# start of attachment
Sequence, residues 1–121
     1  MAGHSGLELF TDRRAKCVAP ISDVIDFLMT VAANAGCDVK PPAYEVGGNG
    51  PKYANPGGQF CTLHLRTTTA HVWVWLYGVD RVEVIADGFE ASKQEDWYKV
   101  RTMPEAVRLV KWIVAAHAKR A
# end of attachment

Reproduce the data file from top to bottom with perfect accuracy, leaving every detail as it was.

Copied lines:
Sequence, residues 1–121
     1  MAGHSGLELF TDRRAKCVAP ISDVIDFLMT VAANAGCDVK PPAYEVGGNG
    51  PKYANPGGQF CTLHLRTTTA HVWVWLYGVD RVEVIADGFE ASKQEDWYKV
   101  RTMPEAVRLV KWIVAAHAKR A